Physics inclusivity working group
I am a Professor of Astronomy and the Head of Physics and Astronomy. I am interested in how stars and planets form and study these processes using a combination of numerical modelling and multi-wavelength data. Currently, my team is looking for the signatures of planets using extreme adaptive optics systems to observe the dusty discs around protostars. My interest in modelling light transport through circumstellar dust has led me into biomedical modelling of cancer diagnosis, where the scattering processes (and the techniques used to model them) are the same as those used in astrophysics. We are looking at how to improve the treatment of non-melanoma skin cancer and the diagnosis of breast cancer. I am passionate about higher education, and I am fully committed to providing a working environment where people from all genders and backgrounds are treated equally and given the opportunity to thrive.
I am an undergraduate student currently studying Physics with a study abroad in Australia and I have a keen interest in science communication and equality in science. These interests have gotten me involved with multiple groups on social media which promote women and other minority groups in science. My interest in gender equality in physics started when I travelled to Grenoble, France to promote women in physics through a nationwide competition. Being a disabled student myself I have a strong focus on advocacy for this group within physics due to it being underrepresented and sometimes even discriminated against. My interest in science communication has led to the opportunity to coach students in local Exeter schools in physics.
I joined the Inclusivity Group in 2020 in order to aid the department in identifying problems marginalised groups may face and helping the department to become more inclusive, as well as celebrating the diversity of the students and staff.
I am a postdoctoral research fellow in the Astrophysics group where I study star and planetary system formation using optical interferometry – a process of combining the light received from multiple telescopes in an array to achieve greater resolution. In addition to the Physics Inclusivity Working Group, I am a member of the Institute of Physics’ LGBT+ Physicists and Astronomers Network and one of the coordinators of the University's LGBTQ+ Staff network. I hope to help develop a more inclusive department and help promote the diversity of its staff and students.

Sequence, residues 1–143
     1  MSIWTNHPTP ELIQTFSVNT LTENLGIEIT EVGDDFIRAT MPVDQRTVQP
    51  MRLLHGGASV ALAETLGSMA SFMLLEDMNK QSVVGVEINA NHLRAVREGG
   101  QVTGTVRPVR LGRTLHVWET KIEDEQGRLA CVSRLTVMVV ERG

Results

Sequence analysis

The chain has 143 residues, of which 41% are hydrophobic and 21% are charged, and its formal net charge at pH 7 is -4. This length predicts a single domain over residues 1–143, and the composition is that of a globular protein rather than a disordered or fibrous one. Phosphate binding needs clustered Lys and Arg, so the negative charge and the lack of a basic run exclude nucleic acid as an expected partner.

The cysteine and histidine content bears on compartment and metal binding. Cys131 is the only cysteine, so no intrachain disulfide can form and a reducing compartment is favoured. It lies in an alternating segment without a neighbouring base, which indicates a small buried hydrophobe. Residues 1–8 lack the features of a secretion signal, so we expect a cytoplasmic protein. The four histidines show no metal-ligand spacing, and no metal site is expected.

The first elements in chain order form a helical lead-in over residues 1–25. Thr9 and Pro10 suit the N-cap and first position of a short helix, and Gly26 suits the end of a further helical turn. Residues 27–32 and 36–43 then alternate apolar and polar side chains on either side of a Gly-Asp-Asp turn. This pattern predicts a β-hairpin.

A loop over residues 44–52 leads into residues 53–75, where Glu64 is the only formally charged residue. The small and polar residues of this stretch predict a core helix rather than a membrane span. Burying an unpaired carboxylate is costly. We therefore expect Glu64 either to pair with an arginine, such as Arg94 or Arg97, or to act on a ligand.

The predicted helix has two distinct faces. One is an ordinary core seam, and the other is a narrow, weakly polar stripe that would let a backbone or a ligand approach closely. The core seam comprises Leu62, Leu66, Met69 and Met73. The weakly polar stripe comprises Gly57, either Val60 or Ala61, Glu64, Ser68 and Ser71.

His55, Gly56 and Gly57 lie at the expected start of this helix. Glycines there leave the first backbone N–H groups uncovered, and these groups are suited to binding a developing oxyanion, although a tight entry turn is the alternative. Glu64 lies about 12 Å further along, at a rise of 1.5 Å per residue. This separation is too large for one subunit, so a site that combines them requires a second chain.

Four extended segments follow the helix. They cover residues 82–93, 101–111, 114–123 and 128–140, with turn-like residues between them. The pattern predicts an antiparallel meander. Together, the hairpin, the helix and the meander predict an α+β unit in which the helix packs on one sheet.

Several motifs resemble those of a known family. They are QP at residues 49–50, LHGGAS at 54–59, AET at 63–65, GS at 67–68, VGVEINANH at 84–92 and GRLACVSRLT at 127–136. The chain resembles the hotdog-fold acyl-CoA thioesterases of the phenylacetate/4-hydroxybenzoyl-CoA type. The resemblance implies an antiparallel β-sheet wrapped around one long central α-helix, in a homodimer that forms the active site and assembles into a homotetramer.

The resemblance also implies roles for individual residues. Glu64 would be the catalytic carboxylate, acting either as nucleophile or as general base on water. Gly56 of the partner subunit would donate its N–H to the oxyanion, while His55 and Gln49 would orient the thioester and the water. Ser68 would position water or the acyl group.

I first joined the university in 2006 as a postdoc, then spent two years in Germany before returning in 2011. I am now a Professor. My research focuses on numerical simulations of galaxies and star formation. I also organise PhD admissions for astrophysics. I have a young (pre-school) daughter, and so am aware of many of the traditional aspects of academia (e.g. working outside regular hours, attending conferences) which can be difficult with young children.
I am Senior Lecturer in Astrophysics and joined the Exeter Astrophysics group in 2004 after holding positions in Cambridge, Manchester and Bonn. My research focuses on studies of star formation and molecular clouds using telescopes at infrared and submillimetre wavelengths, including the Spitzer Space Telescope and the 15-metre James Clerk Maxwell Telescope. I coordinate the JCMT Gould Belt and Transients surveys of local star-forming regions. I currently work part time (70% contract) for a better balance between supporting students and supporting my own two sons. I lead the working group on outreach.
I am a senior lecturer in the Quantum Systems and Nanostructures group with research interests in Theoretical Physics applied to Quantum Mechanics and how it can be used for renewable technologies. I have worked both in industry and in academia and have four children. This has given me the experience of juggling the work/life demands, issues with parental leave and dealing with the difficulties that come with pursuing a career whilst maintaining a good life/work balance. I strongly support equality and often give talks in the community about the positive aspects that science brings to our lives.